Market Snapshot: Canada’s west coast marine propane exports rise nearly 77% in 2020
Release date: 2021-03-10
Canada’s marine propane exports have recently increased to help satisfy Asia’s rising propane demand. Exports of propane from Canada’s west coast have been growing since the startup of the 40 thousand barrels per day (Mb/d) Altagas/Vopak’s Ridley Island Propane Export Terminal (RIPET) in May 2019.
In 2020, Canadian marine propane exports rose 77% compared to 2019, averaging 39 Mb/d. Approximately 25% of Canadian propane exports moved by ship in 2020. All shipments went to Asia, with most delivered to Japan.
Figure 1. Marine propane exports from Canada’s west coast
Source and Description
Source: CER (CTS)
Description: This bar chart shows the evolution of the propane exports from the Canadian West Coast to international markets from May 2019 to December 2020. All British Columbia (B.C.) marine exports are from the RIPET terminal. Volume is in thousand barrels per day (Mb/d).
Growth in 2020 Canadian marine propane exports was driven by greater demand due to cold weather and growing petrochemical feedstock consumption in China. Marine propane exports also increased to Asian countries as a result of reduced supply from Saudi Arabia, which is a major supplier of propane to Asian markets.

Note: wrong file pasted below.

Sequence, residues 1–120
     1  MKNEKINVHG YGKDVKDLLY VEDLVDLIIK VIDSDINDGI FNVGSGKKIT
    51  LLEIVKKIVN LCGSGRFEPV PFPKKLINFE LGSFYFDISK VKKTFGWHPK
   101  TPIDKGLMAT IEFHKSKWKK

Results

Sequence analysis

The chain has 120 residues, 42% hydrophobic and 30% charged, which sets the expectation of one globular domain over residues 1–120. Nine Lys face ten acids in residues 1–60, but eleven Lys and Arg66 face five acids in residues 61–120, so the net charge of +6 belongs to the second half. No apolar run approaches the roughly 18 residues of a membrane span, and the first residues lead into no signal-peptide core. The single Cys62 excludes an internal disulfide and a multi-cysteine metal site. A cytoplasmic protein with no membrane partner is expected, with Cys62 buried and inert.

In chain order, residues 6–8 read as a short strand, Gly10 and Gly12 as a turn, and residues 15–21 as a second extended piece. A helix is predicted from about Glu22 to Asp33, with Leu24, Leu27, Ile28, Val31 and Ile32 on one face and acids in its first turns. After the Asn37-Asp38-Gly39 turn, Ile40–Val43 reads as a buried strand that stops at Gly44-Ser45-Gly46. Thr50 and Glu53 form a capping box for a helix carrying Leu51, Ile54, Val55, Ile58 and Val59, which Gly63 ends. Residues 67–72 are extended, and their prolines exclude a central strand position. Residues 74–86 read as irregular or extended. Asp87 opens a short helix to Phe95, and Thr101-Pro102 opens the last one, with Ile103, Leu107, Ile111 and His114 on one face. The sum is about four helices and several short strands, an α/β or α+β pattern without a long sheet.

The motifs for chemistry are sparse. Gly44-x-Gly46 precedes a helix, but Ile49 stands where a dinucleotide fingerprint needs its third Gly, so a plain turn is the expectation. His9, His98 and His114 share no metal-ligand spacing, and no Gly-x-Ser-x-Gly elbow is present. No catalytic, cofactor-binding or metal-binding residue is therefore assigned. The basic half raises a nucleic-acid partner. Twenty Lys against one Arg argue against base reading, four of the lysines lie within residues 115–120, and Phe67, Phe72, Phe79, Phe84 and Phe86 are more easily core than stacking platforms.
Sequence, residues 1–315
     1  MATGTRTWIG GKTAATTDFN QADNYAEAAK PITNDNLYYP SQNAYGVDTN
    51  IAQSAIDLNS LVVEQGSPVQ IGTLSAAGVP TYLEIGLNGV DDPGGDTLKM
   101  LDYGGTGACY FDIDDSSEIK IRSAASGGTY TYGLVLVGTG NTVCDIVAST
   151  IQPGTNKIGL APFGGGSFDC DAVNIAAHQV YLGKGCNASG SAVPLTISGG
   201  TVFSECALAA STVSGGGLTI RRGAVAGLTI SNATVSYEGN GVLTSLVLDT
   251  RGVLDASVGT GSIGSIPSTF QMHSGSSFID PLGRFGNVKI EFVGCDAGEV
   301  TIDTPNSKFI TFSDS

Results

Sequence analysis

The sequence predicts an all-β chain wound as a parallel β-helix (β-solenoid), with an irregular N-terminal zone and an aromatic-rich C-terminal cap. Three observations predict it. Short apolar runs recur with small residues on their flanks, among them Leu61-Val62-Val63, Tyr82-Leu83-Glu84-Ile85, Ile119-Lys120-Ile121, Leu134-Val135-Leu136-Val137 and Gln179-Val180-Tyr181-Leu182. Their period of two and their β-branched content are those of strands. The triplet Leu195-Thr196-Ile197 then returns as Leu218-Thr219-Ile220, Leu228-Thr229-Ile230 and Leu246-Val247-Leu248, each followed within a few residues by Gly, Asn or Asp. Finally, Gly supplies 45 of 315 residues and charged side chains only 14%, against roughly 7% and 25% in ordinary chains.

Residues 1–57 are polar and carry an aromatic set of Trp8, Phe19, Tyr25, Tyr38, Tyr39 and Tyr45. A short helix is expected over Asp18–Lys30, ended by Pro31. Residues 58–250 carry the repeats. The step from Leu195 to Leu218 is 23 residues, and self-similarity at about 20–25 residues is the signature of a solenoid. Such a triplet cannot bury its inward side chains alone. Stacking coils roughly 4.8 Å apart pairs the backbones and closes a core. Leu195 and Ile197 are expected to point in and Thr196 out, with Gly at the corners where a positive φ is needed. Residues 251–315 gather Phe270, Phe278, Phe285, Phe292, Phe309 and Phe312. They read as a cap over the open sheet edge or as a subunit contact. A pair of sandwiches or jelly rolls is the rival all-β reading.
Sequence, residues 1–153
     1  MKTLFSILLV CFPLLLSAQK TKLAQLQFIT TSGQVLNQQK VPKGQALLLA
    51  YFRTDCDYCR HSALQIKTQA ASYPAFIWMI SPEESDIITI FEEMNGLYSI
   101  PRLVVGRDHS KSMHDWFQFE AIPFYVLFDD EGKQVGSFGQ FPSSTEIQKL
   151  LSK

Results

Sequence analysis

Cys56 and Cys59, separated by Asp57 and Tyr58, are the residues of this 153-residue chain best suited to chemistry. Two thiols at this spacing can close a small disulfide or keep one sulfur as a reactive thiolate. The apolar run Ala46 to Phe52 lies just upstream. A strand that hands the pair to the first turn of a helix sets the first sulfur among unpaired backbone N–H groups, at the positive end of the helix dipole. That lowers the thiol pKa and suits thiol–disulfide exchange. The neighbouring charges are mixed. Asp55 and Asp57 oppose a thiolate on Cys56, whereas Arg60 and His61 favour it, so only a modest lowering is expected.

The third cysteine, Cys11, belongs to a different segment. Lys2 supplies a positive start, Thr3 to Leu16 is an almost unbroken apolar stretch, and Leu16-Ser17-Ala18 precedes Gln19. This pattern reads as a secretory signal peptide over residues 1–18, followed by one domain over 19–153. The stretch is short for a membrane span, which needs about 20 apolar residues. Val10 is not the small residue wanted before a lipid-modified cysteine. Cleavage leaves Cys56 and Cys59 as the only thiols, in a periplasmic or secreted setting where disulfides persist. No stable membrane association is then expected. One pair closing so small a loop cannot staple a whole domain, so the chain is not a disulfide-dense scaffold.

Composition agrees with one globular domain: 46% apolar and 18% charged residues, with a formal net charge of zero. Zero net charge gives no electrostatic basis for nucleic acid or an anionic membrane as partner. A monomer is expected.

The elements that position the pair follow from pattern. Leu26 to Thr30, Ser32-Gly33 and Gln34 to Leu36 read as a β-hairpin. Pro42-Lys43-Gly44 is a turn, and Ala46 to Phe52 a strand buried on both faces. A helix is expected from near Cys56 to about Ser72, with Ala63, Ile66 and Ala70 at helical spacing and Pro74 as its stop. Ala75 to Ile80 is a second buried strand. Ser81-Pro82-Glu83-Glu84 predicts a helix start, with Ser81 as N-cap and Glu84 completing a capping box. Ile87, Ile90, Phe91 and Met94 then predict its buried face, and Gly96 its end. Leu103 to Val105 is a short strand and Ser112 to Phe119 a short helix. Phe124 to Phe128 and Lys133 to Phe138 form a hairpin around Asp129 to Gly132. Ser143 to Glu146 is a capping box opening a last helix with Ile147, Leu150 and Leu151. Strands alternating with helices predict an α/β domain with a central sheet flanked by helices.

Some observers expect China's propane demand to continue to grow, particularly as new propane-based petrochemical plants are constructed. This could represent a growing market for Canadian marine exports. A new export terminal is currently under construction on Canada’s west coast, which will add 25 Mb/d of capacity and is expected to be in-service within the first three months of 2021. Additionally, three other propane export terminal projects are currently proposed and under various stages of review.Footnote 1
Canadian propane exports will likely compete with U.S. supplies for Asian market share going forward, as U.S. exports of propane to East Asia also grew over much of 2020. However, propane marine exports from Canada have some advantages over U.S. exports from the Gulf Coast, including a shorter shipping distance to Japan and no need to ship via the Panama Canal, which can cause delays due to busy ship traffic.
How are LPGs transported?
A liquefied petroleum tanker is a gas carrier built to transport large volumes of liquefied petroleum gases (LPGs), including propane and butane.
The ships, called gas tankers, vary in size and method used to keep the LPGs in liquid form. The LPGs may be pressurized, refrigerated, or both.
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